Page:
How do you experience Equality in the realm of Law, and why doesn’t Freedom and Brotherhood belong there?
How do you experience Brotherhood in the realm of Economics, and why doesn’t Freedom and Equality belong there?

For most of us it was quite obvious why freedom needs to be in the center of the spirit realm. It is a fluid world, full of potential and possibilities, the world of reflection and inspiration. There is freedom to choose.
It was a little bit more difficult to understand how and why Equality was the grounding principle in the area of Law. I don’t think it is about ‘everybody is equal’, but about everybody needs to have an equal chance in this realm of agreements and rules.

But the next one – Brotherhood – was even harder to understand in the realm of Economics. How to make sense out of that?
Due to two brothers who were present, we started on our table from that experience. You can’t choose who will be your brother, and still we can have love and trust. There seems to be some kind of engagement or commitment involved. It is for sure not free and we aren’t all equal! At the end of the café round it dawned on me that brotherhood in the economic realm could be understood – or maybe needs to be understood – as a brotherhood between all humans on earth. Right in this moment, I think it probably relates not only to humans but to all beings on planet Earth. I’m still not sure what consequences this has for my own economic behavior. I guess I imply a lot of humans and beings when I buy organic food and tend my own garden in a permacultural way. But what does brotherhood mean when I charge my individual clients for a therapy session or when I charge an organization for my hosting work? Would it be enough to agree on the price between both parties? Or is this applying the principle of egality in the setting of the price, and it has nothing to do with brotherhood?
Many questions stay; although I see the value of separating these areas of life with its own principles. It gives more clarity to what fits where.

Another point, that we didn’t talk about, but was raised in the explanation of Geert, was a quote from Tim Merry: Communities are the answer to everything. It became clear that for a healthy community we need to apply these three principles in these three areas of life. They all need each other and are interrelated. My hunch is that brotherhood is the principle that needs the community more than the other two principles… I can’t grasp it right now…

And would sisterhood and brotherhood be the same in this regard? I wonder…

A story of friends

Friday, May 11th, 2007

In Cris Corrigan’s blog I read this link to an article about two young people, Silas from Zimbabwe and Sam from the US.

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I both met them last January on my visit to Kufunda, the learning village where Silas is one of the leading people. It is really worthwhile reading. And I love how these young people are so convinced and fascinated to change the world into a better place!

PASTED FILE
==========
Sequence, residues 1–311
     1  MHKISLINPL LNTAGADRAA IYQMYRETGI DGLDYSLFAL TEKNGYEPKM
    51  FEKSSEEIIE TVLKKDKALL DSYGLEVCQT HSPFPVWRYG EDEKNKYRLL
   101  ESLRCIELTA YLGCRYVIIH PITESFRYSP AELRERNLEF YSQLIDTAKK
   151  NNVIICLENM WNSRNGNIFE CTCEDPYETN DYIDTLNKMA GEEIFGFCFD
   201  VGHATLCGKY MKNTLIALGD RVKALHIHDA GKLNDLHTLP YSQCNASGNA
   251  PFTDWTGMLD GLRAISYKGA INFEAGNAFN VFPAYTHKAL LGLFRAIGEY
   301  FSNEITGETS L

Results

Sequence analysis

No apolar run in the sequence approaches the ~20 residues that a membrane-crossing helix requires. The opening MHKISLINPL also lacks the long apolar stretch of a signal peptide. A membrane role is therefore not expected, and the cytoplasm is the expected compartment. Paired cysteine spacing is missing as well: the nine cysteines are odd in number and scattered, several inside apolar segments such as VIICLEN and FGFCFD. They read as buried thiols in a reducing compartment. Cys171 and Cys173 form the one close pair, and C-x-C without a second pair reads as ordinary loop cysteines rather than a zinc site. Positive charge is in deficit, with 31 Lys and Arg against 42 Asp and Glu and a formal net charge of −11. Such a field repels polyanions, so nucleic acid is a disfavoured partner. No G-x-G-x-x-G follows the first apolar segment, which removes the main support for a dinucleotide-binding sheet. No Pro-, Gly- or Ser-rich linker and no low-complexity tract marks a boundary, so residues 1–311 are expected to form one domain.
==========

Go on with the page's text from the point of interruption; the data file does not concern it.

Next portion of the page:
A new story of magic

Wednesday, January 17th, 2007

Under the chaos there is something beautiful cooking.” Silas

There seems to be magic at work in Kufunda that attracts people like a strong magnet and what made a lot happening in a short period of time. Many buildings arose: a classroom, two dormitories, a dining room and kitchen, a library, an office and many houses and compost toilets. All this in an area surrounded by poverty and in a country where prices have doubled each month lately. However, the magic is bigger than the physical alone! We can see and name some of its elements but magic is and always stays: magic!

It seems to me that underneath this magic is the belief that life is good and abundant. This belief in ‘the capitals’ – in what is inside us and all around us – translates in many forms. It is an appreciative way of looking at life itself.

Learning
What I see in these young people and what I hear from the stories is the deep practice of personal development. Learning by own choice; going from one job to another; the easy flow of learning in one field and teaching in another: all opportunities for becoming, for growing into full potential. The collective tools of meditation, sitting in circle, World Café and Open Space are practiced again and again. They are used in every meeting, for every topic you can think of.

Love
The practices of individual and collective hosting, the processes of learning bring them to a place of love. Conflicts and ‘bad’ stuff are not avoided, but taken into the circle with lots of courage and balanced with love. Love and sharing is promoted and there is a deep equality all over the palace that bridges cultures, ages and levels of education.

Community – relationships – interconnections
The diversity we meet is not at random but it is invited in. It keeps this living system vibrant with life. Relationships are build with four rural and one urban community, with many organizations and individuals in Zimbabwe and beyond.

Magic for the future
Kufunda and some other learning centers seem to create a new pathway for humanity. A pathway that doesn’t believe in poverty, but in sharing and in peace; a pathway of the heart, a pathway of old wisdom connected with new technologies, a pathway of individual and collective practice and learning. As all pathways newly formed, they only get visible and attractive when practiced a lot.
If humanity is one, if the morfogenetic fields are at work, then more magic is to come!

A deeper tradition gets born where the wholeness of everything can be seen.” Phil Cass